We, as a community, need to make up our minds and stop being misled by our own agendas. It is fine to have one's own agenda but stop conflating that with moral issues.

They are openly lying about the terms. Click the "trial license" (what?) text on any of the shop pages and read

> You can try out Pandoc for free. To use it regularly, you must buy a license.

They do not detail how they intent to share the money with the authors. Did they prepare with all the authors, are or they collecting money in their name without them agreeing to that? E.g. money paid to buy something is different than a donation from a tax perspective: how many authors are actually going to go to the paperwork to get the money?

There is a "Pricing Info" link right below the payment button where I describe meticulously where the money goes. Offering an unlimited trail for an actually commercial product is a standard (and I think very generous) licensing term. Just check out https://www.sublimetext.com.

Pandoc is not a commercial product. By claiming one must buy a license, you are misrepresenting its actual license. If you're actually selling your own wrapper around it, make that clear.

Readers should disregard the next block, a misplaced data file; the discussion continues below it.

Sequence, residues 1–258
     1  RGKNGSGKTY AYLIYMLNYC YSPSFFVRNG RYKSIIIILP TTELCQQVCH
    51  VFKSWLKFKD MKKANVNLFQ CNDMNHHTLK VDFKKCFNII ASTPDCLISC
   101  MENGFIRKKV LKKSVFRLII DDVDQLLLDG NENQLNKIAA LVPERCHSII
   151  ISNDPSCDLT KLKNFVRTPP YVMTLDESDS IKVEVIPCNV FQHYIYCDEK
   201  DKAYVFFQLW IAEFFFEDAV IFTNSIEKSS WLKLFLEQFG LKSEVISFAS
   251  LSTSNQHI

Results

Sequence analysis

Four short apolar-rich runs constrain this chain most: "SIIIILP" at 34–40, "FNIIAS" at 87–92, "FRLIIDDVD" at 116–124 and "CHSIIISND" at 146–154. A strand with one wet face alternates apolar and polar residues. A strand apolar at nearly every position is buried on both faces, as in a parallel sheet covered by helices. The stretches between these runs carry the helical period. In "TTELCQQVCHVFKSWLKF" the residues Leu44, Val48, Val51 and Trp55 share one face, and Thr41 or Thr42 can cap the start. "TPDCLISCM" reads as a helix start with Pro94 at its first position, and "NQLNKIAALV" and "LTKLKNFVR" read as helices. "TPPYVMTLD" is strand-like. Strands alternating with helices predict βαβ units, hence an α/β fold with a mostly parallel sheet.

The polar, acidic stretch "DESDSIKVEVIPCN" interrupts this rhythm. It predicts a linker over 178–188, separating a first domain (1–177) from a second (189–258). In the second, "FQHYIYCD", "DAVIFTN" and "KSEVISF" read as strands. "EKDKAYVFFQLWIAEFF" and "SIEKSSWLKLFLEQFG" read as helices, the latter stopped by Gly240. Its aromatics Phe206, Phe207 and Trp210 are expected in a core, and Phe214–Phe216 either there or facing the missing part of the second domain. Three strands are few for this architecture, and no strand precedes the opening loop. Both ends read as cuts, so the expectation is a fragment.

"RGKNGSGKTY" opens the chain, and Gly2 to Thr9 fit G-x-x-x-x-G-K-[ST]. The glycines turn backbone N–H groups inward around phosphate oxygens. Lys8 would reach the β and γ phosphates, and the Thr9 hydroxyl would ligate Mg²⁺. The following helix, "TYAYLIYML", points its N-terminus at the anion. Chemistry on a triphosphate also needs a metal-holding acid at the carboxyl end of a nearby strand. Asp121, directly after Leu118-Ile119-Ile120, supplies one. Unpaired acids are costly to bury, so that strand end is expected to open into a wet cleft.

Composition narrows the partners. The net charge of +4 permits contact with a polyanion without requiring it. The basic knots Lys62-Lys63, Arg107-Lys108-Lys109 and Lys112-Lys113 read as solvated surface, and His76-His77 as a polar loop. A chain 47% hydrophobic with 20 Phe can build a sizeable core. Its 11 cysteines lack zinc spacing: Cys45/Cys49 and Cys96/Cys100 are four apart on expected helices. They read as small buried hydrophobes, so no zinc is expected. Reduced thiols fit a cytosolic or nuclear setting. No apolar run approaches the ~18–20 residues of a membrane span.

The pricing info link also sounds dangerously like what other projects have done in the past: "we take the money and put it in a pot, and at some point the author can ask us for the money and we'll figure out how to get it to them". This means users wanting to support the dev unwittingly put the money in a pot the dev has then to go through additional effort and potentially expense to access, which the users would have avoided if they'd known, e.g. through a direct donation. If you actually have clear agreements with authors on how this is going to work, you should emphasize that. If you don't, that should be clear too.

Unless the license of the software you're selling allows you to relicense the software (GPL doesn't, MIT does), this argument is invalid.

> Every time an open source project complains about the challenges of monetization (see the recent Redis controversy), people say "Don't like other companies making money off your software? Then don't license it that way!"